Seth Trueger, MD @MDaware
Emergency physician & health policy fellow in DC. Interests include social media for health professions, payment and delivery reform, crowding, airway, and resuscitation.
As part of my fellowship, I worked as a health fellow / legislative aide in the office of Congressman John Dingell (D-MI), 9/2013-3/2014. And yes, I still see patients.
Annals of Emergency Medicine:
As of January, 2014, I am Assistant Social Media Editor for Annals of EM.
Since January 1, 2013, I will also be serving as the Social Media (Twitter) Editor for Emergency Physicians Monthly. In this capacity, I will be writing tweets for the @epmonthly account; various people write for the account and all of my tweets will be signed "-ST". This is a compensated position, and views are my own and not those of any employer or association of mine, and the disclaimer below applies as well.
As of May, 2013, I am an at-large member of the District of Columbia Chapter ACEP Board of Directors. All of my opinions expressed here (or anywhere, really) are mine alone and not anyone else's.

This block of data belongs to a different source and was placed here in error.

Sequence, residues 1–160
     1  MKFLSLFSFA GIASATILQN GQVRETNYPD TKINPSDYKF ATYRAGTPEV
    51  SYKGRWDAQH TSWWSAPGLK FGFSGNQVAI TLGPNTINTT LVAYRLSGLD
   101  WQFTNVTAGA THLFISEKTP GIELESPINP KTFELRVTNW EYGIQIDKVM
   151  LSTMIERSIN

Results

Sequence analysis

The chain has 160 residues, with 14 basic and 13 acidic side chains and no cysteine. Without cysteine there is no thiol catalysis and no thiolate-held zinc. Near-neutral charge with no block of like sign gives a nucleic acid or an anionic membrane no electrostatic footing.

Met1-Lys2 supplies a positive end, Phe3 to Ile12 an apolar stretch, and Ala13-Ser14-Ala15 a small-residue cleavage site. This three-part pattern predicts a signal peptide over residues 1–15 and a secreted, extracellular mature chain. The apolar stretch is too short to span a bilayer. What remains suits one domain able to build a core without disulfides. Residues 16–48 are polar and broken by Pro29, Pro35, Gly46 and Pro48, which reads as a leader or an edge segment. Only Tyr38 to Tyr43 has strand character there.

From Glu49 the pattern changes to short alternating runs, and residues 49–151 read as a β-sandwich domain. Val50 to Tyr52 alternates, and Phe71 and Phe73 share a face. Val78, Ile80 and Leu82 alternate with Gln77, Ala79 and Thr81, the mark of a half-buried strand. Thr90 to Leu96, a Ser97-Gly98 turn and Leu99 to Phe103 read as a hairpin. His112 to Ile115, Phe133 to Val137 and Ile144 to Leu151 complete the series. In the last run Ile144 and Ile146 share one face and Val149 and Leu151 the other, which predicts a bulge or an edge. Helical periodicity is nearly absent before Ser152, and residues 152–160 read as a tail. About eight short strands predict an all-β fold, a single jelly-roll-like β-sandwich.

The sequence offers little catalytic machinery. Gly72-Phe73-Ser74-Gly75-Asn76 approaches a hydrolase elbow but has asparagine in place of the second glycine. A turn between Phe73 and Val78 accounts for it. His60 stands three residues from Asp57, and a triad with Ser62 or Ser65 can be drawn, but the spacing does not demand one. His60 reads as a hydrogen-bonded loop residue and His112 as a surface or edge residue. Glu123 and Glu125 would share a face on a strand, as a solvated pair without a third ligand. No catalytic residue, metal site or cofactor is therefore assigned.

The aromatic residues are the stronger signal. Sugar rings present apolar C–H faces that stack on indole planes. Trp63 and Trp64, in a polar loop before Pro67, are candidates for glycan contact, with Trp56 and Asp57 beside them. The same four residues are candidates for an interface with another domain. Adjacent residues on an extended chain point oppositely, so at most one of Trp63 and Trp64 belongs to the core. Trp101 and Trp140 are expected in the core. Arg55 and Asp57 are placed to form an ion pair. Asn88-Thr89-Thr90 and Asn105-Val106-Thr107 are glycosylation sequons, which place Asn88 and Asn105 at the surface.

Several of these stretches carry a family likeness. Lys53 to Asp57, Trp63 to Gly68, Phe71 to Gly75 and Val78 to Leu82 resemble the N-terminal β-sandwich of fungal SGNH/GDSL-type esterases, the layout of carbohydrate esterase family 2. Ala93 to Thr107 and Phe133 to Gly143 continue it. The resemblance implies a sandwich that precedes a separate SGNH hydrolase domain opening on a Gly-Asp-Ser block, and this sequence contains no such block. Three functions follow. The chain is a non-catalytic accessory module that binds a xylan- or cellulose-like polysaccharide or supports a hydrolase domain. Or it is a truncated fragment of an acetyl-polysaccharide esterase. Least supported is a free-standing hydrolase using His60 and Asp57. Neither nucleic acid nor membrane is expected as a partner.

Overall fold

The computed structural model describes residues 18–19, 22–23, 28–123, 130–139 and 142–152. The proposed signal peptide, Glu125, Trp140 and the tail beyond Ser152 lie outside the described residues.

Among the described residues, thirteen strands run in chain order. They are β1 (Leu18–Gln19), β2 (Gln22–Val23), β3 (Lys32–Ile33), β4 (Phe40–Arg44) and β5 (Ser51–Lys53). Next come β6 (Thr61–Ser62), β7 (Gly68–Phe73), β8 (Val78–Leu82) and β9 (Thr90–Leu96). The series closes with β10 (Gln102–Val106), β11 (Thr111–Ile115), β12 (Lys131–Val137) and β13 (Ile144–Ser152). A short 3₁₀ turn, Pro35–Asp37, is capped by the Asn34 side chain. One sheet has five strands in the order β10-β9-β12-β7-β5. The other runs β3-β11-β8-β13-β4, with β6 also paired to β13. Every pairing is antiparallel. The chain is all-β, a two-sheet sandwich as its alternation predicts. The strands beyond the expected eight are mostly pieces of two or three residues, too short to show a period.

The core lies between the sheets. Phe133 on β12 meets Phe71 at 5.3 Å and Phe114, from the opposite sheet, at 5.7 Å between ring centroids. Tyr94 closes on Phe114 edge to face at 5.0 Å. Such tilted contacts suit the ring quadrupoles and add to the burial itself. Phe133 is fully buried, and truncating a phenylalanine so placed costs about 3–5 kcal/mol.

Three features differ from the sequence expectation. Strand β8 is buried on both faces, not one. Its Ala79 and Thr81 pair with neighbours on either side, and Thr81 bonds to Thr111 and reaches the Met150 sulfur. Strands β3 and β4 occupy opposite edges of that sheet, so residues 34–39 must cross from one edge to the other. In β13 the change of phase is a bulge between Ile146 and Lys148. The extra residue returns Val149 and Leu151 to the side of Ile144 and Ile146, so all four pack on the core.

Etymology for the uninitiated:
The term "MD aware" is used in clinical medicine to relay that a physician has been notified of some sort of information. For example, after noting a change in status or a new lab or vital sign value, the nurse tells the doctor and document "finger stick 37, MD aware" to record that the doctor has been told.
All too frequently, nurses are compelled -- mostly by institutional guidelines -- to notify physicians of minor status changes, or lab alert values that have little to no clinical relevance; in this instance, many physicians will indicate both their receipt of the new (but unimportant) information, as well as acknowledge the perfunctory nature of the exchange by responding "MD aware." For example, "I hate to bother you, but the patient's finger stick is 131" (technically elevated but -- particularly in the ED -- clinically irrelevant) "Thanks; MD aware."
Matt Pirotte, MD
Emergency physician in Chicago. Interests include all things ED critical care, including procedures and vascular access.
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Much of the above is adapted and/or taken verbatim from Andy Neill and Steve Carroll
This pretty much applies.